“Everybody in some capacity has some type of trauma from COVID and the past year, and doing some type of personal work to reflect on that and acknowledge that year was really hard, and it’s okay to not go back to your previous self,” Ostrowski said.

The transition will be difficult for everyone, but it has the potential to improve the education of many. Many colleges, including Tufts, have long considered making standardized tests like the SAT and ACT optional for admission, and saw the pandemic as a good opportunity to try out the practice.

Cohen enthusiastically supported the action, hoping students’ individual differences can be considered more carefully in the college admissions process.

“[Students] have different strengths and weaknesses, and one of the most important jobs of a teacher is to understand who your students are so you know them and can help them learn in the best way possible,” Cohen said. “And yet, recognizing that students learn differently, we then give everybody the same assessment.”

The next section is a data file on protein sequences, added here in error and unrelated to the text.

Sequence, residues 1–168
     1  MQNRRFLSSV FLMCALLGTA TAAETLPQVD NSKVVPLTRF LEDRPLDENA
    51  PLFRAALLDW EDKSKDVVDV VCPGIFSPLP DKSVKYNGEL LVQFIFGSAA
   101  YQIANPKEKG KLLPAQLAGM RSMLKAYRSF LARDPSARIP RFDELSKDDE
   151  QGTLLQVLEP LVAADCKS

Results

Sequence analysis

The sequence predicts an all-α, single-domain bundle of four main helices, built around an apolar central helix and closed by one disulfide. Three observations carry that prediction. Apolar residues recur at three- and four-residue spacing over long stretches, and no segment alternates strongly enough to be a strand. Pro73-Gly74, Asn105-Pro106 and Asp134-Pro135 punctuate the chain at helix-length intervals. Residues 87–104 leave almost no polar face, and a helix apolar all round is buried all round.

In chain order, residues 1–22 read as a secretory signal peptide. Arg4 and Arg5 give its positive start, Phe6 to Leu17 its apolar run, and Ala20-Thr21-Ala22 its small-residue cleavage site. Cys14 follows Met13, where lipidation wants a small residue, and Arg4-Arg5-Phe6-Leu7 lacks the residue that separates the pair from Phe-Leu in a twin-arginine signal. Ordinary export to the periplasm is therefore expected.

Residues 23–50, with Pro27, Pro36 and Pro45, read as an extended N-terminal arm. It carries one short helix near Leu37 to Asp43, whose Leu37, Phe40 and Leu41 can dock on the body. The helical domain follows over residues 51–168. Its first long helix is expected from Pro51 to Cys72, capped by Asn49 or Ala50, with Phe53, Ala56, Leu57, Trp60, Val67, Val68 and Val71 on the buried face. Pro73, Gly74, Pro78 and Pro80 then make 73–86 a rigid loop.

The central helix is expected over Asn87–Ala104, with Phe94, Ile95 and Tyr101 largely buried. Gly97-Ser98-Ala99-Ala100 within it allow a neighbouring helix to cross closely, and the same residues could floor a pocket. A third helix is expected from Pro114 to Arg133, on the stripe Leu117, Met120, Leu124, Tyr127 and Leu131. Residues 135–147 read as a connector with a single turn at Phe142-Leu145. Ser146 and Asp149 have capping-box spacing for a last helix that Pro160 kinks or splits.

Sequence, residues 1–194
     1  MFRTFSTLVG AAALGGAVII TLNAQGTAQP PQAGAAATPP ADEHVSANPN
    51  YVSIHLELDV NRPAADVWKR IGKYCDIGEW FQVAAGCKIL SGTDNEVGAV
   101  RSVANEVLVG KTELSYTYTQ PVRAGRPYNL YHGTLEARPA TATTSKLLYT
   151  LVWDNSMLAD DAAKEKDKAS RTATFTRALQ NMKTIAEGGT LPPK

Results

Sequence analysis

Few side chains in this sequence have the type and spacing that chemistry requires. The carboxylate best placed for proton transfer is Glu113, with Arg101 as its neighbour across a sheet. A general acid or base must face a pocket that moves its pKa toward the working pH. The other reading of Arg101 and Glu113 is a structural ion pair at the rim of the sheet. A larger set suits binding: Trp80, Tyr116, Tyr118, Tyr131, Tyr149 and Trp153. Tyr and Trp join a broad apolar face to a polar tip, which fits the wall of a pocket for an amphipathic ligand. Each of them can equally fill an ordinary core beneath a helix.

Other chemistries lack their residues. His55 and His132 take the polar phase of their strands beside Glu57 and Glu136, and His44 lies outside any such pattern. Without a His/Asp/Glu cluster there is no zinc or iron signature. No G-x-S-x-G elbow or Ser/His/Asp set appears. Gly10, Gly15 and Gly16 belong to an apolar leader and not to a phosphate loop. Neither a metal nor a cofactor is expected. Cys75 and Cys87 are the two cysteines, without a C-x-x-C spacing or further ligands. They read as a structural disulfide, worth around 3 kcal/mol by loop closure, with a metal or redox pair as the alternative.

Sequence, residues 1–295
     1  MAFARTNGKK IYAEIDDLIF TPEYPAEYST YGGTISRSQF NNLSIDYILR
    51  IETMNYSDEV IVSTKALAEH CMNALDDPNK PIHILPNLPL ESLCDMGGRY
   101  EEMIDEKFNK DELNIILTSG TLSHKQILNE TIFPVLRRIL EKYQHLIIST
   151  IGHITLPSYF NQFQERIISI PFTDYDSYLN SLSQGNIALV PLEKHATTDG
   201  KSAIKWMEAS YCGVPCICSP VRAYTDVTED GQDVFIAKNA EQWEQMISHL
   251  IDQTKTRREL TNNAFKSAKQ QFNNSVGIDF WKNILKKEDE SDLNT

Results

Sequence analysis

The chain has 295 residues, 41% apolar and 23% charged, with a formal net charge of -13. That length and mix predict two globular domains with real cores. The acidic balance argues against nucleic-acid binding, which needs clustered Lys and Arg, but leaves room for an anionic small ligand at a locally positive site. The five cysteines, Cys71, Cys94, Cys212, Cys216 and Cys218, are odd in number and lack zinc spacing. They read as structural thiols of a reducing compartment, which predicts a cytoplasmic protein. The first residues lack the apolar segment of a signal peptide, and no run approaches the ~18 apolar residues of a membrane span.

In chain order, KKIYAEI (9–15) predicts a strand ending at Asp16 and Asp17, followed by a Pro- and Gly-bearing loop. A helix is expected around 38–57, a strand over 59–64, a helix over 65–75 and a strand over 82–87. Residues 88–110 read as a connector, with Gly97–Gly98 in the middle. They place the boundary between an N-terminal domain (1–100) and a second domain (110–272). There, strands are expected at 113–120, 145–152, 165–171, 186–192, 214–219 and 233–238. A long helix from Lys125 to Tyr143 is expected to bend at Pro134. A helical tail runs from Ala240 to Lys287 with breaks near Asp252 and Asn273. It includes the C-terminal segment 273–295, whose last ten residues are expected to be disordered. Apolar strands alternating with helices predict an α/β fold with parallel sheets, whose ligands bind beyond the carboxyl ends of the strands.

Ostrowski explained that freshman orientation this year did largely return to its pre-pandemic form, with a few key lessons from the last year. Most social events were held in-person, but more administrative programs, such as placement exams and alcohol/drug trainings, occurred virtually over the summer. A few virtual orientation events, like game and movie nights, allow those concerned about the rapidly spreading Delta variant to participate socially as well.

A path forward that takes into account individual students’ differences, the stress of a rapidly changing world and an honest appraisal of what students should take away from their education brings inherent complexities.

Without relying on standardized approaches, assessing students is difficult, but such streamlined ways of educating never effectively represented students or enabled them to make the most of their education. 

The trade-off is well worth it, though. Constant experimentation and analysis of the results could provide much better solutions to issues that have long plagued U.S. K-12 and higher education. A compassionate and critical thinking-centered education system could go far to maximize students’ potential, creating a more able and well-adjusted population.